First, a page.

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Crude geometric estimation or am I missing something?

  1. Jan 21, 2009 #1
    1. The problem statement, all variables and given/known data

    I'm doing a report for a physics lab experiment where we are calculating the radius of the earth by measuring the time it takes to see the sunset from the base of a cliff looking out into the pacific ocean till when it sets in relation to an observer at the top of the cliff. The picture I attached shows the diagram and the initial setup on how to find the radius of the earth with the pythagorean theorem, but in yellow where it suggests how to find the value L, I'm thinking that multiplying the change in time by the circumference of the earth divided by 24 hours would really give me the distance traveled along the circumference of the earth, not L. Please let me know if I'm right about that and if so can you tell me if and how it might still be used as a crude estimate for L by my professor? If I'm wrong please let me know what geometric rule I'm missing to help me out.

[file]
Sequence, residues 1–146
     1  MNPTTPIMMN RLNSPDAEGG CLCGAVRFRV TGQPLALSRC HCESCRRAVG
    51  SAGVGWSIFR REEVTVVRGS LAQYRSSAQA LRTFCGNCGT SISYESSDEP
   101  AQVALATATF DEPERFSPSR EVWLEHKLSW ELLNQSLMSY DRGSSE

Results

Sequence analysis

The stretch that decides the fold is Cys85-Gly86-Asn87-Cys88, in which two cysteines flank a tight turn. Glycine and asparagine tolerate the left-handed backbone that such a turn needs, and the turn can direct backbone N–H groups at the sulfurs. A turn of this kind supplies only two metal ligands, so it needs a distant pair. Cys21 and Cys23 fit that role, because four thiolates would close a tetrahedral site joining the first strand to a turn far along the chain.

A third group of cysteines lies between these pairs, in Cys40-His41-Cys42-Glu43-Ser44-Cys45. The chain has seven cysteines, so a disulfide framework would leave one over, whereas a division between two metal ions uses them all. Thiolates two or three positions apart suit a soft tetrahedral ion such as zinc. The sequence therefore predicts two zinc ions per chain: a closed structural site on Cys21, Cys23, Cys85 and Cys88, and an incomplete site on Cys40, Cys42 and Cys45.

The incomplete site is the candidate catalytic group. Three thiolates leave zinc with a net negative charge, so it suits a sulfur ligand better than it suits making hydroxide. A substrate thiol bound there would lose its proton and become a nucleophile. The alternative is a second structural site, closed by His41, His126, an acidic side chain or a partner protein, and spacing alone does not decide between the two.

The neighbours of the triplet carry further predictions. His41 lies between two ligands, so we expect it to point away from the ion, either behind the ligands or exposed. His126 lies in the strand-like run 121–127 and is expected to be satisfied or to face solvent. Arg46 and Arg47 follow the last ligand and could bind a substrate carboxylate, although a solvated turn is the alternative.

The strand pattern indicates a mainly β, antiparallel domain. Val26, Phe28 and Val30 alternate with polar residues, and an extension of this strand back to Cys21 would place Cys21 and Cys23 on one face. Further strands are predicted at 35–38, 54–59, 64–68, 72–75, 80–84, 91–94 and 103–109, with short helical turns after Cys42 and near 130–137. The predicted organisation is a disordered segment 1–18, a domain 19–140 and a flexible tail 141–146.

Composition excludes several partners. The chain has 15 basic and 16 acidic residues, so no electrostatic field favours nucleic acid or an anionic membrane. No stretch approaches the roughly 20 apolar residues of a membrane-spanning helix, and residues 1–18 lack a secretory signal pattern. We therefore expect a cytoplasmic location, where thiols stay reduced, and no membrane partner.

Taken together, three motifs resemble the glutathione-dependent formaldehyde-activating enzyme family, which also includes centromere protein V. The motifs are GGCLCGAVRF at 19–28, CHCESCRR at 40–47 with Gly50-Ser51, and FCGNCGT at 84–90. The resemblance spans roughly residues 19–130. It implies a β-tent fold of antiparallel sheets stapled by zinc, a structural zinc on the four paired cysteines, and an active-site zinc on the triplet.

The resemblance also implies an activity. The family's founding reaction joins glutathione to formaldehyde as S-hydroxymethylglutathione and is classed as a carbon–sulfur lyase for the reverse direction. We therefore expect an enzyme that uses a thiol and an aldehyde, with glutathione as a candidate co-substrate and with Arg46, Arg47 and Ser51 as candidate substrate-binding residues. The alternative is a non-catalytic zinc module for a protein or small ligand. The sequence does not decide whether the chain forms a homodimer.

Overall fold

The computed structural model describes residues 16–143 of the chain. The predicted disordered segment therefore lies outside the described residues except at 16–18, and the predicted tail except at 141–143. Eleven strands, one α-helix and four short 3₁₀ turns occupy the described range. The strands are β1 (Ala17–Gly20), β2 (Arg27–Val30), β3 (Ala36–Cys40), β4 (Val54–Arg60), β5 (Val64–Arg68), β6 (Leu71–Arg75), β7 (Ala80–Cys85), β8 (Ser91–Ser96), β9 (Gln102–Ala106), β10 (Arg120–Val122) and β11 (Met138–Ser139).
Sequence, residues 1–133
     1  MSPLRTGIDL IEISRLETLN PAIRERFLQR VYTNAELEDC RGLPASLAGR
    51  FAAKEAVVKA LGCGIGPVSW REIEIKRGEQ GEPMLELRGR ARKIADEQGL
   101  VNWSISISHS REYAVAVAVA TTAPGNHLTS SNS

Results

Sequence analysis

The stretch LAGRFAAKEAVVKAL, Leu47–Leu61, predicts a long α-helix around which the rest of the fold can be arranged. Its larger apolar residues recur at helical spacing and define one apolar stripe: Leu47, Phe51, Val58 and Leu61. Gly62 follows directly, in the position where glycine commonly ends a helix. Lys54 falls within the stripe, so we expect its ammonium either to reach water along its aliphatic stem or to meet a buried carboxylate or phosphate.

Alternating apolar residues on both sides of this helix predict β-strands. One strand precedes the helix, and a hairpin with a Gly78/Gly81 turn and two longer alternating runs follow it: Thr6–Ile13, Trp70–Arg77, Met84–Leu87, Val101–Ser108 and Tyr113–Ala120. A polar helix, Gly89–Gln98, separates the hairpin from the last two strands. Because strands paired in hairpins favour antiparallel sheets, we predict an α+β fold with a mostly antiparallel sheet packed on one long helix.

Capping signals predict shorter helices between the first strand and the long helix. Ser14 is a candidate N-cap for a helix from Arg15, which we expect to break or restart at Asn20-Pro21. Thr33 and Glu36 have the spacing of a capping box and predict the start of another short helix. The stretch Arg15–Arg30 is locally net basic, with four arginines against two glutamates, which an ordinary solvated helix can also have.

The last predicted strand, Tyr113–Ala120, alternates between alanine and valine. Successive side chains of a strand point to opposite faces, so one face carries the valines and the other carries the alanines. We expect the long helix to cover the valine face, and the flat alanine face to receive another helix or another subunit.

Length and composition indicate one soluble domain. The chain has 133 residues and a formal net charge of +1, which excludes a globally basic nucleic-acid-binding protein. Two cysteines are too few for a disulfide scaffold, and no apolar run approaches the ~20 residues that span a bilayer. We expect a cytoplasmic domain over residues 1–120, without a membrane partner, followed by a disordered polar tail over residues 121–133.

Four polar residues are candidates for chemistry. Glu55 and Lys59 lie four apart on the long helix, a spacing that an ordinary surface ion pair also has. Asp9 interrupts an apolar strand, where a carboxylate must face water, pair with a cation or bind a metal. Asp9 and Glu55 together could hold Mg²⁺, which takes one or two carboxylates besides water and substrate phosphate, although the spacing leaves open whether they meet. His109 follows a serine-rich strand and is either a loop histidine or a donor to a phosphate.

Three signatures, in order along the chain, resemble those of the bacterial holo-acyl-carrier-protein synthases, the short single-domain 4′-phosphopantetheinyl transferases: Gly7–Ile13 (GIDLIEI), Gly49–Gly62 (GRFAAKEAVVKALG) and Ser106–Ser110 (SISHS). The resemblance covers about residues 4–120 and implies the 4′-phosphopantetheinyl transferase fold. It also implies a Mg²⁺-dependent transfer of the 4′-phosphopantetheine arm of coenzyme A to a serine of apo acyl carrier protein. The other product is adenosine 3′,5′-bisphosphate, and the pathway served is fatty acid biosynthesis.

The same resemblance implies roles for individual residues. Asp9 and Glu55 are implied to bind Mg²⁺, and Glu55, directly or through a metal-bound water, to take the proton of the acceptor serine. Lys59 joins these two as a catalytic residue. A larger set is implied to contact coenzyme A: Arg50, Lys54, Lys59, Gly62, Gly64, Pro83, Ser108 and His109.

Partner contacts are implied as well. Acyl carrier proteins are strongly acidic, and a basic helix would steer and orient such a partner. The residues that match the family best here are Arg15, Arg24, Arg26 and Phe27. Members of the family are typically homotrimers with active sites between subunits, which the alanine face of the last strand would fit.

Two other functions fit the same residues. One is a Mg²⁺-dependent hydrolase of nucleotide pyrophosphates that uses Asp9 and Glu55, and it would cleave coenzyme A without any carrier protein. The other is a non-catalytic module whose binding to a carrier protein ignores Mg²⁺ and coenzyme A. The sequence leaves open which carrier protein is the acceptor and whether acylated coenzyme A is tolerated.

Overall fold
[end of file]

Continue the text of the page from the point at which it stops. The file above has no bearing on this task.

2. Relevant equations

    See attached

    3. The attempt at a solution

    Part 1 here covers that.
  2. jcsd
  3. Jan 21, 2009 #2
    Sorry, I guess the attachment function doesn't work on this site. Here's the image:[​IMG]
  4. Jan 26, 2009 #3
    Without the approximations, if the time difference between sunsets is t, then the angle subtended by the sun is [tex]\theta=\omega t[/tex].

    From the figure you get,



    You also know,
    [tex]\omega=\frac{2\pi}{24\times 60\times 60}[/tex]

    and that [tex]\theta=\omega t[/tex]

    as [tex]\theta[/tex] is very small, [tex]sin\theta=\theta[/tex] (approximately).

    This gives you (after substituting and rearranging)

    [tex]R=\frac{12\times 3600}{\pi}-h[/tex] (approximately)
  5. Jan 26, 2009 #4
    The angle theta that I've taken is 90-theta in the figure.
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